Looking for the best full-frame camera you can buy? Whether you're planning to upgrade from your APS-C DSLR or buy your first serious camera, there's never been a better time to be in the market for a full-frame companion. Luckily, we've condensed all of our rigorous testing of the latest models to bring you this guide to the best full-frame cameras you can buy right now.
Before we run through our favorites, it's worth stepping back and explaining how full-frame cameras differ from alternatives like APS-C models. The main difference is that their sensors are much larger than the ones found in APS-C, Micro Four Thirds and compact cameras. This means there's room for larger pixels, which can gather more light and help improve image quality at higher ISO sensitivities.
Not long ago, full-frame cameras were almost exclusively the preserve of pro photographers, and were nearly all made by Canon and Nikon. But their appeal is now much broader thanks to the arrival of full-frame mirrorless cameras, which lack the 'mirror' of their DSLR siblings and include features like autofocus right across their frame.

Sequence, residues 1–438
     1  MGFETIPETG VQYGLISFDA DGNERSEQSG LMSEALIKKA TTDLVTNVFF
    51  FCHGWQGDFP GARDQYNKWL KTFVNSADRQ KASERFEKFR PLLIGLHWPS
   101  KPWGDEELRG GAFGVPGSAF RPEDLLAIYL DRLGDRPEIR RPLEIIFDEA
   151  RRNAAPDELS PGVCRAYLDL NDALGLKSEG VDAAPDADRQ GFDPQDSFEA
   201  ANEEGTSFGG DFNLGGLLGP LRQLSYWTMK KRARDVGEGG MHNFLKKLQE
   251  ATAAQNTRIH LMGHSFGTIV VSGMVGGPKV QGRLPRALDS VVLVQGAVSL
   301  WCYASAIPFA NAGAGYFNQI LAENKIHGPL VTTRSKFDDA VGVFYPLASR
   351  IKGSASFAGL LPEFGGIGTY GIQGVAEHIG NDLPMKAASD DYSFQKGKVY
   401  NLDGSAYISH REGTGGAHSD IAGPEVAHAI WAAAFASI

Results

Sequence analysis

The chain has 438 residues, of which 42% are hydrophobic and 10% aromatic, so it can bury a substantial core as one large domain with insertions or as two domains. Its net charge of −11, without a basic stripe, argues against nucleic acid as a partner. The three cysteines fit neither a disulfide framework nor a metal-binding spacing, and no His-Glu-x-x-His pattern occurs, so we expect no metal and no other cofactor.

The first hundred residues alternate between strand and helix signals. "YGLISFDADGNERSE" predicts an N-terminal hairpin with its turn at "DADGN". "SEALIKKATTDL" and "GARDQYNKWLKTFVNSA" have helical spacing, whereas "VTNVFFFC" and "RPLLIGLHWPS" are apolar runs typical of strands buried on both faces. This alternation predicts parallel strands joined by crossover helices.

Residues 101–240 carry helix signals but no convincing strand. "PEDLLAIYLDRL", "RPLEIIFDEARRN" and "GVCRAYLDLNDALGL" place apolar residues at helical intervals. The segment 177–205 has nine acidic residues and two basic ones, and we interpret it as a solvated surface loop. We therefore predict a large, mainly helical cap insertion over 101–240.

This has sparked huge competition among the major manufacturers, which now includes Sony and Panasonic, alongside a resurgent Canon and Nikon. Canon has, in particular, made a big splash by the launching the Canon EOS R5 and EOS R6, two models that fully announce its arrival on the full-frame mirrorless stage.
We're yet to test those cameras, but we'll be updating this guide with those models soon (if they prove worthy of a space). The fast pace of change in the full-frame market means there's great value to be found in models that are only a year old, including the Canon EOS RP and Sony A7 III below.